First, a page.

Ooo, yes! So exciting! Until you consider that the estimated 2012 population of Washington state was 6,897,012. Which would mean that 0.36 percent of the population “enrolled” in the state health care exchange.
And Washington isn’t the only state feverishly gushing over enrollment success way too soon:
Great. So 0.25 percent of Californians (estimated 2012 population: 38,041,430) started applications. Big whoop. Based one what we’ve seen so far, the number of successful enrollments is likely far lower.
Has Covered California considered the possibility that the call volume is due to 45,787 prospective applicants who are pissed off because the site doesn’t work?
So, 0.08 percent of Nevada’s 2012 population (2,758,931) has successfully created an account. Again, the number of applicants who have actually purchased a plan through the exchange is likely far lower. But hey, at least some Nevadans are looking at the application site!
Bravo, guys. Now for Kentucky:
Kentucky’s estimated population in 2012 was 4,380,415. That works out to about 0.30 percent of the population that supposedly enrolled. But wait — there’s more!
28,000 applications submitted. So 11,000 site visitors who managed to “initiate” their applications didn’t bother completing them.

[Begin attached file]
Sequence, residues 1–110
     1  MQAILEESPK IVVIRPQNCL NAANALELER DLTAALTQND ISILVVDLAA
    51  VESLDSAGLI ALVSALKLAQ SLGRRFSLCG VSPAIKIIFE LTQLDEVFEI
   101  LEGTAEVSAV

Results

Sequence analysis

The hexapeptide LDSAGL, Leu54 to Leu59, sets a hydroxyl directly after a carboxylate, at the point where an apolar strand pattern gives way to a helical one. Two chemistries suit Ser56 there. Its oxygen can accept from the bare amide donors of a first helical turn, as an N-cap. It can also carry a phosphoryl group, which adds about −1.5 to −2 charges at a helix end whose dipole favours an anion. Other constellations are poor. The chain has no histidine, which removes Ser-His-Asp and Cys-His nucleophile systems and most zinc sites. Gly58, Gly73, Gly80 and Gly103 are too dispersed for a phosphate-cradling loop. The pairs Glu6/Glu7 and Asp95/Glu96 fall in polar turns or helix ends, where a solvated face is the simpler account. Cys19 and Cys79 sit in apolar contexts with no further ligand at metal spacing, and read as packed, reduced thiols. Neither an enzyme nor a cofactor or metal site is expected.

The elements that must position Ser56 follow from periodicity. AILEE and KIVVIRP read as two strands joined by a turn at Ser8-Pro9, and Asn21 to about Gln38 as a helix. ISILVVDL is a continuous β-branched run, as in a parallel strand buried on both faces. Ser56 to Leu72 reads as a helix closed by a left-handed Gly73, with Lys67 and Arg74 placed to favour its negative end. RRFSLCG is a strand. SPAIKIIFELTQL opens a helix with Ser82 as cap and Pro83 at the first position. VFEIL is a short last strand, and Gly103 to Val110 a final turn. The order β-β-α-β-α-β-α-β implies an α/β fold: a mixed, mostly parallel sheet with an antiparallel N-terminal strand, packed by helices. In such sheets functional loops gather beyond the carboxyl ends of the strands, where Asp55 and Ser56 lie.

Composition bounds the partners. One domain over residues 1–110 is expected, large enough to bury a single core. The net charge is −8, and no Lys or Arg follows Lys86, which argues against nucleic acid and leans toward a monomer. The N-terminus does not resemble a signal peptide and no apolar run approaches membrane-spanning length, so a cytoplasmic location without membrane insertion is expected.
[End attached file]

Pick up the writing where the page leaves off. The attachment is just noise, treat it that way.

New York’s health care exchange was pretty psyched about its numbers:
That’s 0.51 percent of New York’s estimated 2012 population (19,570,261). But it seems even that number was too high. @NYStateofHealth deleted that tweet and replaced it with this one:
So now it’s “qualified,” eh? That sounds an awful lot like backpedaling … which suggests that the enrollment numbers are below 100,000. Oops.
Minnesota has similar problems:
That comes out to 0.22 percent of Minnesota’s estimated 2012 population (5,379,139) that’s applied for coverage. But only a third of that number has supposedly enrolled:
Congrats, Minnesota! You’ve come a long way, baby:
A long, long, long way.